Exclusive: Artist and curator Bose Krishnamachari's first solo in nine years is a study in consciousness
Acclaimed artist and curator Bose Krishnamachari’s first solo exhibit in nine years is opening in the City of Joy. The multi-faceted Malayali painter is also the founder and President of the Kochi Biennale Foundation. “I actually complete three decades in the world of art this year. I had my first exhibit in 1989!” Bose tells us as we drop in at the Kolkata Centre for Creativity on a weekday morning to catch a glimpse at his much-talked about exhibit, which follows his mobile museum project, LaVA (Laboratory of Visual Arts) which was a giant reading room dedicated to the visual arts and art history.
In his current body of work, ‘The Mirror Sees Best in the Dark’, Bose experiments with form and material – in which he shuttles among word, image and assemblage, between minimalism and maximalism. The artist confronts the increasingly extreme discourses that shape our consciousness, at the level of the individual, the community, the religious group, the nation-state.
“From the chaos, we make order. Extremities co-exist in my life as well, and I’ve taken that inspiration from my own life. I was born in a small village in Kerala; there, for instance, when you look at performative art there, like the Kathakali, you see maximum form and colour. Then again, when you look at the Veshti and Mundu, it’s extremely minimalistic. Through this work I look at how we’re dictated by our obsessions, I wanted to sensitise this with the nine rasas or the nine emotions,” Bose tells us.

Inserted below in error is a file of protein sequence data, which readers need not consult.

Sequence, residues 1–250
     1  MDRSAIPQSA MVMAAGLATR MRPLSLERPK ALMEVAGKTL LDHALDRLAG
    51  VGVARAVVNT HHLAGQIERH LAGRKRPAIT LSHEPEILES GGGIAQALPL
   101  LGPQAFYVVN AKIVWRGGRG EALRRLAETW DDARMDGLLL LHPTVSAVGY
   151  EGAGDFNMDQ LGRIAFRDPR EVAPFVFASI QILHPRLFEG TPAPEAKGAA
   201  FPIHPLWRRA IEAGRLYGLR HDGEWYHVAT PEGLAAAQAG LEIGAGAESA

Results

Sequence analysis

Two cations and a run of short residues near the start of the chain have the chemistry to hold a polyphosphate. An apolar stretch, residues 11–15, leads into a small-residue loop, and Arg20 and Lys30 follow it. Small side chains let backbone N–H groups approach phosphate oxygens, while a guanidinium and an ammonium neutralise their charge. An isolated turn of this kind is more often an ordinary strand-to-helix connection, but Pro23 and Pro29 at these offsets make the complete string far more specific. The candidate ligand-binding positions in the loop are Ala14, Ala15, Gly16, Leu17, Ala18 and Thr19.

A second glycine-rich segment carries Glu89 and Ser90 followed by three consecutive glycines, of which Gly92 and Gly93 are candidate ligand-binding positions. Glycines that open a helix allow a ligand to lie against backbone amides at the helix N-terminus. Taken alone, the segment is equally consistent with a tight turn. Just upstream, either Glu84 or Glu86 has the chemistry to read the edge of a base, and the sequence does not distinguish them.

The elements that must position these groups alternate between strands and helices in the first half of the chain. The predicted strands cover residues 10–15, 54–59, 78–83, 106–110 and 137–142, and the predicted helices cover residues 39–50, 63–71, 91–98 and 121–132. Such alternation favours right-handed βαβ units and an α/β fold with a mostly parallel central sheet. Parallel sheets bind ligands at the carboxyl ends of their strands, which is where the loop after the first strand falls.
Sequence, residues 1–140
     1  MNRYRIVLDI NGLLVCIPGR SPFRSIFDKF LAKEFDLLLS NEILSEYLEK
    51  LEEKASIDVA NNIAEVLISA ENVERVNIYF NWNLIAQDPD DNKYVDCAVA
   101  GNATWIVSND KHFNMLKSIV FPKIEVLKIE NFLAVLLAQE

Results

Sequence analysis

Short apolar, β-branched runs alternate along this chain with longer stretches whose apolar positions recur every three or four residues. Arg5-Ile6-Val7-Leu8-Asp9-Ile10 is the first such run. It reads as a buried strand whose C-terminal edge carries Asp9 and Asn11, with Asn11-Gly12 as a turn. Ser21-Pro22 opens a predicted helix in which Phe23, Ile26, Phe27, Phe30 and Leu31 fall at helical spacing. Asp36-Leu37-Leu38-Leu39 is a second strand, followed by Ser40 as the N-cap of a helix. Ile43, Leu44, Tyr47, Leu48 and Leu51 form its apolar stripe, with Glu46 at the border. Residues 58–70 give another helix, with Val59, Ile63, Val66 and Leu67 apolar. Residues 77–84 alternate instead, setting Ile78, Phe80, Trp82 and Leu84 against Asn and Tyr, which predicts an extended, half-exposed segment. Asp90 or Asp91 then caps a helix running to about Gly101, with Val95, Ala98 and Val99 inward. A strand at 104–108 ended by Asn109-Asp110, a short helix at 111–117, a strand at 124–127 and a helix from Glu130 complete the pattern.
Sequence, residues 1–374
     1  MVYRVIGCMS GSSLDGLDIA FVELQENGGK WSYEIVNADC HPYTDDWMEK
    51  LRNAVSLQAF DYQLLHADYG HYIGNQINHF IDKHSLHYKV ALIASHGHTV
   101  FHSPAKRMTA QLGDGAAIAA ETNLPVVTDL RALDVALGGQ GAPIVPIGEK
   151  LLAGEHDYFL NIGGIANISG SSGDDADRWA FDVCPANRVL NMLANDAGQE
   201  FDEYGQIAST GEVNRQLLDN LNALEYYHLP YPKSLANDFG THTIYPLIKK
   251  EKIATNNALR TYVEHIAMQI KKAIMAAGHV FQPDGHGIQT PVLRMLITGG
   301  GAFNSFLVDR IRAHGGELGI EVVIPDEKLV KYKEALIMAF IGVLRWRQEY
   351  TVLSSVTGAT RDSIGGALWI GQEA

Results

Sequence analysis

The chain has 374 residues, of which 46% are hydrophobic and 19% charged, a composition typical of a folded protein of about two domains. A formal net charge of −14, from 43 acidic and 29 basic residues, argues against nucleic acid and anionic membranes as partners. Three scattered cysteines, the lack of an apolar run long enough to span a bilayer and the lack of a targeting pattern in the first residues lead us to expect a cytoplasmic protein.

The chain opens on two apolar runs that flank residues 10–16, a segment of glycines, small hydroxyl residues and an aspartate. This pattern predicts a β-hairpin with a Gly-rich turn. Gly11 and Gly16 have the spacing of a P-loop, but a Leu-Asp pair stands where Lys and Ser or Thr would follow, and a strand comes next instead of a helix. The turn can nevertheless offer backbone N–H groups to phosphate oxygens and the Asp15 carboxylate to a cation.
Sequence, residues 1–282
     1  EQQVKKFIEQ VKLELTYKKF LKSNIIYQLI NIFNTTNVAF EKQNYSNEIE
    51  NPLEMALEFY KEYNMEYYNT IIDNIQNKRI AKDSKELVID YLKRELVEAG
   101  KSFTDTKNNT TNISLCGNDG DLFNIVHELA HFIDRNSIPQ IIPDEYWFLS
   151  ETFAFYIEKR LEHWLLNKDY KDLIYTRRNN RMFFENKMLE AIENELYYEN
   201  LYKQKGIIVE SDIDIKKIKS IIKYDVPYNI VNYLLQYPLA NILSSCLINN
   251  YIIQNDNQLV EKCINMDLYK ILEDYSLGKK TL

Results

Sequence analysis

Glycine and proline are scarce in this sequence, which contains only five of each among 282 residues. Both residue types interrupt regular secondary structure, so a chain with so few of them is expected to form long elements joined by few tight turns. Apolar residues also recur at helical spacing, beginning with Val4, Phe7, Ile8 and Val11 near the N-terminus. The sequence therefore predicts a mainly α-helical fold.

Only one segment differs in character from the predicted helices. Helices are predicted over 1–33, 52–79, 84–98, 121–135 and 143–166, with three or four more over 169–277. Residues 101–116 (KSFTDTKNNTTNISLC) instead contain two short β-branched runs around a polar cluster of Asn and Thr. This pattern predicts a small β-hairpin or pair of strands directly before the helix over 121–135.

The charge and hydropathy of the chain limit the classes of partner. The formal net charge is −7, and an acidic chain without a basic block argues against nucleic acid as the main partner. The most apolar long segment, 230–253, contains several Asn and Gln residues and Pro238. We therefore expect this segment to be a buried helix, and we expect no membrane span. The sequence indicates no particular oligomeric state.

The artist has also made use of a very diverse range of materials, from the Aranmula kannadi, which is a traditional hand-made metal-alloy mirror often used for festive occasions, to Braille work in graphite. “Bose is not just an artist, he is the biggest art philanthropist I know. In this project, the thought essentially talks about how there’s maximalism and minimalism in everything; his treatment of materials is challenging. Take the braille, for instance, it’s been done in graphite. Then there are hints of neon, there are metals like ceramic, wood and they have very interesting interplays,” says Richa Agarwal, Executive Director, KCC and CEO, Emami Art.
The Mirror Sees Best in the Dark will be held till March.